Brassicaceae (Mustard) family members are easy to distinguish - with few exceptions, the flowers have 4 petals and 4 sepals; 6 stamens (4 long and 2 short); and 2 rows of seeds on a pistil that is partitioned lengthwise into 2 divisions.
Familar cultivated Family members include Mustard, Radishes, Watercress, Cauliflower, BokChoy and Broccoli. Rock Cress (Arabis), Wallflower (Erysimum) and Stock (Matthiola incana) are popular native ornamental species for gardens. Four of the species included here are aliens that are so pervasive in the area that they merit identification.
Arabis glabra - (Tower Mustard)
Brassica birapa - (Field Mustard)
Flowers: Rose-purple to pink with white centers, four petals, up to 1 in across. Very fragrant.
Blooms: March - May
Leaves: Long, with distinct individual hairs on edges; in rosette at base of stem.
Location: Rocky slopes; Saddle pass, San Pedro Mountain.
Status: Native - Rare.
The distinctive shape and coloring of the Rose Rock Cress make it easy to spot and identify. Photo by Mike Vasey
Further description & Comment:
This shot shows the basal leave arrangement at the base of the plant. Look in rocky areas around the saddle pass and the top of San Bruno Mountain for this rare flower.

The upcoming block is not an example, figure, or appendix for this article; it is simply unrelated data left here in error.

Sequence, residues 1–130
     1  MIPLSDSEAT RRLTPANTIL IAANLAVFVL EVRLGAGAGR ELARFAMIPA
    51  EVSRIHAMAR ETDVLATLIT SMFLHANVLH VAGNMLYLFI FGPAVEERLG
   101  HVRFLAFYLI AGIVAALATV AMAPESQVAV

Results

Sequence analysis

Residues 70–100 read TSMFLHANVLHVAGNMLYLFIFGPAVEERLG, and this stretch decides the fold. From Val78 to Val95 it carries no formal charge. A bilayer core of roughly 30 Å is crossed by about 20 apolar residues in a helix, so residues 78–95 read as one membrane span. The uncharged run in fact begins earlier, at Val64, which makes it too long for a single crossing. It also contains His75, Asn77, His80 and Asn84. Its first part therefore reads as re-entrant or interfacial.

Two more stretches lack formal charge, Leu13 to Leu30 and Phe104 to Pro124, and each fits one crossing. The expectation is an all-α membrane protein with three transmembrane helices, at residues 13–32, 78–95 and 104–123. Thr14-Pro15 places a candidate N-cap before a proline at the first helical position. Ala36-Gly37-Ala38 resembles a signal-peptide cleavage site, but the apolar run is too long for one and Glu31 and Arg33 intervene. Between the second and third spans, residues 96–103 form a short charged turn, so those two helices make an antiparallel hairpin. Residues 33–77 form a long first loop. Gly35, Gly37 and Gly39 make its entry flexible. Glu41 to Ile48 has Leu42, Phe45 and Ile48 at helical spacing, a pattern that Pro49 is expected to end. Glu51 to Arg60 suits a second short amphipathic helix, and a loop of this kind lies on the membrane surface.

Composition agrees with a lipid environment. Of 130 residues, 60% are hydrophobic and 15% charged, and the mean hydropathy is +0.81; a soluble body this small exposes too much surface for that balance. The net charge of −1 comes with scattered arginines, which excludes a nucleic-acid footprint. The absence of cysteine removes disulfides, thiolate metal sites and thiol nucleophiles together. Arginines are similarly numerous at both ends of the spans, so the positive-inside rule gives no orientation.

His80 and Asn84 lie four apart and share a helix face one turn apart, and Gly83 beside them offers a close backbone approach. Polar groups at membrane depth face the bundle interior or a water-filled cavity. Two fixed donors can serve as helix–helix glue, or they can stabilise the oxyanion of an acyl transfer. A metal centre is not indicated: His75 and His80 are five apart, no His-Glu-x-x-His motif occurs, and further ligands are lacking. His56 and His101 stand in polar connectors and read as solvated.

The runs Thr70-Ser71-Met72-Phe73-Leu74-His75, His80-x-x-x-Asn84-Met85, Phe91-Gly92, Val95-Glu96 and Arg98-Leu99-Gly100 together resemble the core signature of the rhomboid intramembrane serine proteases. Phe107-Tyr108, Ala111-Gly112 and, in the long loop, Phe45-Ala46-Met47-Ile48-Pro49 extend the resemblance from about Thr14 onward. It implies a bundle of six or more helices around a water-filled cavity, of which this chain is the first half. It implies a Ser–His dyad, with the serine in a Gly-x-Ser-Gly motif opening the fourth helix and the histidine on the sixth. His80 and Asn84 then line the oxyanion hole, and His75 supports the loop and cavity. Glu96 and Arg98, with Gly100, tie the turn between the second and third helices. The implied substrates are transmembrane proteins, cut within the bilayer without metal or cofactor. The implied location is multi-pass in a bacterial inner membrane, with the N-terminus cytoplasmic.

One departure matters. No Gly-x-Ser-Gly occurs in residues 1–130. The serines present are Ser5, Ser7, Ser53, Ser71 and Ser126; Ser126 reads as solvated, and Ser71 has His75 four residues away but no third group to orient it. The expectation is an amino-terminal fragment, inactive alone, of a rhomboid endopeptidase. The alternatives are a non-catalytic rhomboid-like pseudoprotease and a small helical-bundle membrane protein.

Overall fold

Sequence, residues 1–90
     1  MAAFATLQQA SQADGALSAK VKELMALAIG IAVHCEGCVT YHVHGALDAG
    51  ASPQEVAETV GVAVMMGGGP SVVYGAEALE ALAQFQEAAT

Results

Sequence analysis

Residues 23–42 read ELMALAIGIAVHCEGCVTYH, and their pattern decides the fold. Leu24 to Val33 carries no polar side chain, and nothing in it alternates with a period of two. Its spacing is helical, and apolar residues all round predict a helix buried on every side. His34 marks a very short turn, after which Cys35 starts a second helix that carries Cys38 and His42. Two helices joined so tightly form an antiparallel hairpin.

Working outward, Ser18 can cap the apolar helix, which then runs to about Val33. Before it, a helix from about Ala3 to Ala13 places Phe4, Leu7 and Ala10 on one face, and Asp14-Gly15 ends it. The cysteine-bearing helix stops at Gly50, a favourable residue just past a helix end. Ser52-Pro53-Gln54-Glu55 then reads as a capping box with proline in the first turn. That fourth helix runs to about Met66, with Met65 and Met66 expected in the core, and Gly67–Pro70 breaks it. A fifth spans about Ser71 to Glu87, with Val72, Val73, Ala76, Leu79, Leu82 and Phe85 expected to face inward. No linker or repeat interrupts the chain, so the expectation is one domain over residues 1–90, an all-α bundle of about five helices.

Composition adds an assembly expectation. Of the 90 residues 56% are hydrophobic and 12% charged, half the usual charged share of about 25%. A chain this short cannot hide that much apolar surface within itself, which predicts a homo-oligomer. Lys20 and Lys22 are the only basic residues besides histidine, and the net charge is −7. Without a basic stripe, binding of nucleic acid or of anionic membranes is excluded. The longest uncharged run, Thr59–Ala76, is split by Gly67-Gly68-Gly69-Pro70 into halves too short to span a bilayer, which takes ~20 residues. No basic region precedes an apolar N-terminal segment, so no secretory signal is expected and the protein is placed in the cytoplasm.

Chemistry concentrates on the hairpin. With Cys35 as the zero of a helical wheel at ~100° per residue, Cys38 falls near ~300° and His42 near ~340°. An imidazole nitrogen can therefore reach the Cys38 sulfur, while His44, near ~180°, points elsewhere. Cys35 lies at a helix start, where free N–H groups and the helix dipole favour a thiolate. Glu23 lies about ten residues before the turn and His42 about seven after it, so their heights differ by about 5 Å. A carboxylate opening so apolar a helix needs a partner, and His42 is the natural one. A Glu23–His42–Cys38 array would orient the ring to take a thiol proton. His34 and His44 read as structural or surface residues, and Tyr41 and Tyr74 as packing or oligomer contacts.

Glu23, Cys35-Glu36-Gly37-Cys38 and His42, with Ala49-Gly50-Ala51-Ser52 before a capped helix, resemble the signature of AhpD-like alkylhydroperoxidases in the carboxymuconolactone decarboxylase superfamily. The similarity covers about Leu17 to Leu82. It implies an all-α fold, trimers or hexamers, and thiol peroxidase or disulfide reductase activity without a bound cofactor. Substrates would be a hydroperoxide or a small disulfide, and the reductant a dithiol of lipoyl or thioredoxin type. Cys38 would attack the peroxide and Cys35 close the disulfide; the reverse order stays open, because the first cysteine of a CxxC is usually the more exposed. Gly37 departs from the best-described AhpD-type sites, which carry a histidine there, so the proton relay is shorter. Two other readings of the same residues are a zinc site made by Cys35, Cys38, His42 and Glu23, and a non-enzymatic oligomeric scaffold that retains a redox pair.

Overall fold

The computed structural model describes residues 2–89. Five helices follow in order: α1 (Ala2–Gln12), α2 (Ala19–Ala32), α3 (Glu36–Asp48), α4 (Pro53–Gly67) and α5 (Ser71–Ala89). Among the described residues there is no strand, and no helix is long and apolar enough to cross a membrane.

Flowers: Yellow - pale yellow, four petals, 12 - 16 mm across ; developing from greenish berry-like buds bunched atop numerous stems.
Blooms: March - September
Leaves: Basal (base) leaves have a large, rounded terminal lobe and 1 - 2 pairs of linear leaflets. Upper pinnate (opposing pairs) leaves clasping stem.
Fruit/Seeds: Small pods 2 - 3 cm long on stems where flower were.
Location: Along trails and roads up to 700 ' elevation throughout the mountain.
Status: Alien - Invasive: Spreading along trails.
360x480 JPEG - 40K
|Other Comments: Mature plant 8 - 16 " tall. Very closely related to the native Barbarea orthoceras (Erectpod Winter Cress), so much so that I'm not even sure which plant this is in these photos. But the european B. vulgaris has become so pervasive, it is most likely the one shown here. The leaves of both are edible, though, and are said to be quite tasty in salads.|
Photo above shows full, mature B. vulgaris - note the distinctive "Mustard-like" leaf structure. It has a much wider range than the native B. orthoceras, which tends to limit itself to damper, lower areas.
Photo at left shows typical flower development for Barbarea sp. Round green berry-like buds in center are developing flowers. Seed pod stalks, also very typical for Brassicaceae members, can be seen below the blooms.
|Plant Listings by:||Family & Latin Name||Common Name||Color|
|Top of Page||Jump to Brassica Part 3||Home|